Friday, February 7, 2003, Manchester, UK
"I had so much to say."
First time I saw Low they were supporting Come at the London Garage and Kramer was doing their sound. They were enjoyable but I didn't feel motivated to rush out and buy their records. Since then they've just kept getting better and better, growing ever more assured, confident and orgasmic. Last week Low played the best gig I ever saw them do. The sound was perfect, immaculate, accentuating their pin drop precision, and the large crowd was held enraptured in awe. From the opener "Candy Girl" it was clearly the perfect fuck music, tragic make out make up for the last fling before she flies over the ocean. It had all the controlled intensity of their spartan Joy Division "Transmission" cover that had held the Star and Garter so enraptured on earlier trips to Manchester. The way Alan Sparhawk turns and strums at Mimi Parker and the way she taps calm heartbeat assurance is PURE SEX. It's so obvious Mimi is his his candy girl, and this is the sweet molten core of Low's slowburning genius. Alan and Mimi (ahem, and bassist Zack Sally) have fashioned a music that twists and turns with all the ups and downs of an intensely consummated relationship. "Candy Girl" also shows that maybe Steve Albini has had a little more influence on Low than just recording them. Alan throws out subtle jags of guitar skree at oblique angles to the heartbreak beat. The song cuts dead and they launch into the Peel-popular "That's How You Sing Amazing Grace" and the relatively stompin' "Canada" single. How can that Sparhawk dude sing "In the Drugs" without bursting into tears? It surely is one of the saddest songs I ever heard. Then there's the spaghetti western malevolance of "John Prine," a dark ode to revenge so quietly fiercesome it could ignite blue flames of paranoia in anyone who ever crossed a softspoken Duluth musician. Low can even make dear ol' drippy Roger Waters seem profound, with their majestic cover of "Fearless." On the way to the gig I was almost run over by a speeding car escaping gross corporate slavewage superstore. I had been moderately distracted by Come in my headphones, which would've been a fine thing to hear with my dying breath, but it was no time to leave the planet. A glimpse of mortality is always a lever for heightened sensuality. Don't waste your days with mediocre piffle. You might die tomorrow. Hurry up materialise, don't just threaten to. Flirt, take drugs, booze, shoot the shit with the people who are worth the effort. Soundtrack it with a band that fucking matters, and then some! Low are serious as your life.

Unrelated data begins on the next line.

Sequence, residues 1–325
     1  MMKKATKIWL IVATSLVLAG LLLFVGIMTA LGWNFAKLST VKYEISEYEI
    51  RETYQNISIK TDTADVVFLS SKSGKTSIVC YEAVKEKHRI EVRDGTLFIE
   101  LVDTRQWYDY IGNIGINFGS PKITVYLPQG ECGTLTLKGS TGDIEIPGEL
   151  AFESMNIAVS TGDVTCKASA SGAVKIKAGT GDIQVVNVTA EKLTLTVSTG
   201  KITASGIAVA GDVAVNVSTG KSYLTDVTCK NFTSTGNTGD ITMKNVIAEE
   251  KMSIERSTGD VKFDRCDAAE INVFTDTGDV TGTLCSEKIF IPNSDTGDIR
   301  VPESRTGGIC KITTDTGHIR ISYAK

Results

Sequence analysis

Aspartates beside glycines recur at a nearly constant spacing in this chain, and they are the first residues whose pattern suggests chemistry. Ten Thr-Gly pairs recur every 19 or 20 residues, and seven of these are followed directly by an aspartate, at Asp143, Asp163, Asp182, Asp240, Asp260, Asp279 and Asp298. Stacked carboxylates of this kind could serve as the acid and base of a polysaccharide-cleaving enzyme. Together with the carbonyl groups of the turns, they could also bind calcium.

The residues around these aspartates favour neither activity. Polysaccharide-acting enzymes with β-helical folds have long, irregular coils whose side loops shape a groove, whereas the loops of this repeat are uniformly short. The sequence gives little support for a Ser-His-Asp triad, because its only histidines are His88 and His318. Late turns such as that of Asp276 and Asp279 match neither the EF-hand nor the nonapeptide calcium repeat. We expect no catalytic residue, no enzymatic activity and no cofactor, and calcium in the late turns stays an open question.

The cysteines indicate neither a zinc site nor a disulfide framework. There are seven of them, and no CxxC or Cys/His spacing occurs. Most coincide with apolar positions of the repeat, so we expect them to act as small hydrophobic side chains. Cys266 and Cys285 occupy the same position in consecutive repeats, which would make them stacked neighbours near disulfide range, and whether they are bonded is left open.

"Now I'm gonna make them pay."